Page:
It's time to make a weekly menu plan. Trust me. Since I've switched to mapping out meals in advance, I've gone from grocery shopping every other day to once a week. I'm saving time, gasoline, money - and that 4 p.m. what-the-heck-are-we-having-for-dinner stress is gone.

It's time to make a weekly menu plan. Trust me. Since I've switched to mapping out meals in advance, I've gone from grocery shopping every other day to once a week. I'm saving time, gasoline, money - and that 4 p.m. what-the-heck-are-we-having-for-dinner stress is gone.

According to researchers at Penn State, 20 percent of ALL grocery-store purchases are impulse buys that weren't on the shopping list. The typical U.S. family of four spends between $629 and $1,244 a month on groceries, according to the U.S. Department of Agriculture. Cutting impulse buys with a meal plan could save $125 to $250 a month.

"You have to put in some effort and time but, once you get in the habit, it's not that hard," said Carol Scudere, Powell resident and author of Beyond Couponing, a guide to money-saving meal planning (she also has a website, beyondcouponing.com). Scudere spends about an hour each week planning a menu, including cutting coupons and looking over sale flyers, then only shops once a week at one or two stores.

Here are her tips on how to keep the family fed and save money:

•Plan meals around the protein first. It's usually the most expensive item at the store, so plan main courses around the meats on sale that week, Scudere said. Pork, chicken and eggs are usually least expensive. Then plan sides such as vegetables, fruit and starch. In-season produce is often least expensive.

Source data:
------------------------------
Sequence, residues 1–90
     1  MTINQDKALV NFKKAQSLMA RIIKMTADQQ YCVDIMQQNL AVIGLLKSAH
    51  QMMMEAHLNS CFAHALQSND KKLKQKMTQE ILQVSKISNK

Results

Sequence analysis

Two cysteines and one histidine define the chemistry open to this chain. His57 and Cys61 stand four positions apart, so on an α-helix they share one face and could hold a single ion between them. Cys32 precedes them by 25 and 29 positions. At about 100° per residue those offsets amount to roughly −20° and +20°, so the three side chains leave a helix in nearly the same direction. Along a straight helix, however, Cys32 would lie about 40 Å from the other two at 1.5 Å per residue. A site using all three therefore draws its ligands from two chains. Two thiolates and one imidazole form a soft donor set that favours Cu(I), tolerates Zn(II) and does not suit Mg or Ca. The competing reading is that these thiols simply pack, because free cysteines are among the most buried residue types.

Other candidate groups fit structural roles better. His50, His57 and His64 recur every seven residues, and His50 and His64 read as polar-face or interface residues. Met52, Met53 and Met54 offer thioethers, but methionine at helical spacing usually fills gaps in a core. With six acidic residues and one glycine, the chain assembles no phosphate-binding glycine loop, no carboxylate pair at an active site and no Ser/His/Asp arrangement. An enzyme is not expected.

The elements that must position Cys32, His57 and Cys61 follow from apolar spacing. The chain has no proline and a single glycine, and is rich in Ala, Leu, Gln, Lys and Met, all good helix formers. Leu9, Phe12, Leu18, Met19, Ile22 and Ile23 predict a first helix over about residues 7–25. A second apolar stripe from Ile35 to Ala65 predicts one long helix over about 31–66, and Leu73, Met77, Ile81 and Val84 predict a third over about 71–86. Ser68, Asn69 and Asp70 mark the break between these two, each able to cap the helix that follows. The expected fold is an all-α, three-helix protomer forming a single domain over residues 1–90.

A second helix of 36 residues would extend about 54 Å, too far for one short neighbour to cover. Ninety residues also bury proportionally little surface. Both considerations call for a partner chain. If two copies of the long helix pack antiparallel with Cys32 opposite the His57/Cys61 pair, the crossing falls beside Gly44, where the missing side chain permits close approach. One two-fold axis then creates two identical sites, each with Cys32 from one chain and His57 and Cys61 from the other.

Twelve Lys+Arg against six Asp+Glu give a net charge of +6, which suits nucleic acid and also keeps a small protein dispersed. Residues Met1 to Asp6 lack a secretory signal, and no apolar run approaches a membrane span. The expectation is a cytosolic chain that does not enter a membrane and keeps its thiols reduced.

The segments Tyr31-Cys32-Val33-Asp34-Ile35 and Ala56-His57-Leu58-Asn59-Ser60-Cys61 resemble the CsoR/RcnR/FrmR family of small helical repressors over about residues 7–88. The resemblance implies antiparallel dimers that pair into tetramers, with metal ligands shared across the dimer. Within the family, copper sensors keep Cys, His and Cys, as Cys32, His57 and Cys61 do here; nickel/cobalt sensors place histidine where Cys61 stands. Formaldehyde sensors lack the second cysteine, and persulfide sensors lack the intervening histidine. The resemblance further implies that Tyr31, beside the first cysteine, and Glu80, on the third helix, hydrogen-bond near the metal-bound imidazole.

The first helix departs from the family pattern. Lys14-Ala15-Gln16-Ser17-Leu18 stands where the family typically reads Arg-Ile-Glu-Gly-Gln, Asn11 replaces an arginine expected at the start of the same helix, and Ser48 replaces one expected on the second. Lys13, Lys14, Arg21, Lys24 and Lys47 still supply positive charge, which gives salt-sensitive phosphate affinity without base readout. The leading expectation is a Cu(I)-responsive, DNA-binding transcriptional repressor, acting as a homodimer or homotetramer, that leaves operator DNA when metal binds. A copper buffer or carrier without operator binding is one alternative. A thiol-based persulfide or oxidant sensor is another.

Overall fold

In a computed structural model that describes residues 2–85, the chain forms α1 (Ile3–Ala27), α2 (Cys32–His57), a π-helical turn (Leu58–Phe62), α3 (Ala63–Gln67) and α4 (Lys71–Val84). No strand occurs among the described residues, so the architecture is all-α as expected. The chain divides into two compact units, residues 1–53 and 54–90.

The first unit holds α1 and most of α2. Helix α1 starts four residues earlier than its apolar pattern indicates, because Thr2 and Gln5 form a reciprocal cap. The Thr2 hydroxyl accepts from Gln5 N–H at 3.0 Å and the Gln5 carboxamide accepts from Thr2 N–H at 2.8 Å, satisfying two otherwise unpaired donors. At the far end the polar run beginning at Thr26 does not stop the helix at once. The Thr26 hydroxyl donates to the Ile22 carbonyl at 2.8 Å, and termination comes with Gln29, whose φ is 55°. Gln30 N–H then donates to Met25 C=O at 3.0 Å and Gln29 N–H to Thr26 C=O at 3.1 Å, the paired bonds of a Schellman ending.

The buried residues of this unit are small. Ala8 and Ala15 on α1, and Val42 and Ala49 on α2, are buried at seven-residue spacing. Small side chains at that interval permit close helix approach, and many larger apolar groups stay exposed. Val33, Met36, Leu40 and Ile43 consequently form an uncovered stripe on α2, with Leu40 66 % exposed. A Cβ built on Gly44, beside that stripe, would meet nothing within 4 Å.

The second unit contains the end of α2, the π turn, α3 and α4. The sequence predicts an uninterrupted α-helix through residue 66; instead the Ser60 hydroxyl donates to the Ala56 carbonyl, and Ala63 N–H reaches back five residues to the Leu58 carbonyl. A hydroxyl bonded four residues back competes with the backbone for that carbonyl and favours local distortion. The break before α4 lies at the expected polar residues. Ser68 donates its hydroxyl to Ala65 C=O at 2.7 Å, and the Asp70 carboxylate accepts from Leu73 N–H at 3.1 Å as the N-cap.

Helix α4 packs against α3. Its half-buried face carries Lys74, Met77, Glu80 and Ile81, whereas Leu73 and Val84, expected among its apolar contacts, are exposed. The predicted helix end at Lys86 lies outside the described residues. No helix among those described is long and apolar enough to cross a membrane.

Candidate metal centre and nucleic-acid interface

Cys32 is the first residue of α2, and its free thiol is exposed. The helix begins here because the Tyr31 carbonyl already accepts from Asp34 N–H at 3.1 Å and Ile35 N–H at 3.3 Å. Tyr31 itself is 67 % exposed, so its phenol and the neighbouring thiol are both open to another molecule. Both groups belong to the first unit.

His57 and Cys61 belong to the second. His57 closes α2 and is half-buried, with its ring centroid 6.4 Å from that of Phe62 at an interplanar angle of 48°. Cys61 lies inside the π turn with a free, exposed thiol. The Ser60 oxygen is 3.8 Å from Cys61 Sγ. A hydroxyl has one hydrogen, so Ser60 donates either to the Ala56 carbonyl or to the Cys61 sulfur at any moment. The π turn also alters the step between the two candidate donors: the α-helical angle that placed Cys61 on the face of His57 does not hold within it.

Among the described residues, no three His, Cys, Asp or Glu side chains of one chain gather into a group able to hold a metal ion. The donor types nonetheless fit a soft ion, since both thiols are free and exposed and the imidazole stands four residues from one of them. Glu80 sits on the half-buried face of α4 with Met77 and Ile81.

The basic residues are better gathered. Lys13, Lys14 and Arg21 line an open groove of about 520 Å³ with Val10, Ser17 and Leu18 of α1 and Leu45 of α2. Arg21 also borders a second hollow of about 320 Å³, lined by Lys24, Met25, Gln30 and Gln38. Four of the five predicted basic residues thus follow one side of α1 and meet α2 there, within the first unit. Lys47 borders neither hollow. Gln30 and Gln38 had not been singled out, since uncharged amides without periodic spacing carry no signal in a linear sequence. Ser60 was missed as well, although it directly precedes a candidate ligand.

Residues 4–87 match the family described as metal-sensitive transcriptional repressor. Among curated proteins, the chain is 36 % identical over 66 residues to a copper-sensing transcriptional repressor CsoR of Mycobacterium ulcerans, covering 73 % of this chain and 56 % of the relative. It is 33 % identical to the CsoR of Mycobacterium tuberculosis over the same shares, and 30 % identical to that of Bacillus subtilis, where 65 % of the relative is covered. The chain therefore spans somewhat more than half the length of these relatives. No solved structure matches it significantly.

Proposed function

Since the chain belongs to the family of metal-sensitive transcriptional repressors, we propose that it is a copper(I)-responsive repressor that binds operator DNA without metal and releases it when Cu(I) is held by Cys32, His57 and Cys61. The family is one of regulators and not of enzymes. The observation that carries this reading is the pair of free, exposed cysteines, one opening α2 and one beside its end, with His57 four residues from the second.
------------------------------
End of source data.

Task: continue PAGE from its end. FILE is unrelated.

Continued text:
•Shop your cupboards and plan meals based on what you already have.

•Print out recipes you need for the week and make sure you have all the ingredients.

•Now make your grocery list, adding items you need to make each meal. Then search for coupons for items on your shopping list.

And here are a few more tips:

•Keep at least one meal a day (like breakfast or lunch) simple or similar every day. It makes planning and cooking easier.

•Eat leftovers. The typical U.S. family of four throws away 15 percent to 25 percent of the food it buys, or about $1,560 in food each year, according to the National Resources Defense Council. Using leftovers could mean "taking some to work for lunch, because they are better than the vending machines or drive thru," Scudere said, or planning one night each week where everyone eats leftovers for dinner. And be creative with leftovers: Monday night's extra pork chop can be part of Wednesday night's stir fry.

•Check out Pinterest and YouTube for ideas on how to organize, plan and cook multiple meals - even organic ones - on a tight budget (MommyGoodness on YouTube is a good channel).

•Read cookbooks, whether they're ones already at home or available at the library. Some of my favorites: Veggies Please and the Taste of Home cookbook.

•Cook from scratch. The more you make from scratch, the more you save. "If we all cooked from scratch, we would never need to use coupons," Scudere said.

--Denise Trowbridge is a self-professed money geek who writes about personal finance, banking and insurance for The Columbus Dispatch, bankrate.com and middlepathfinance.com.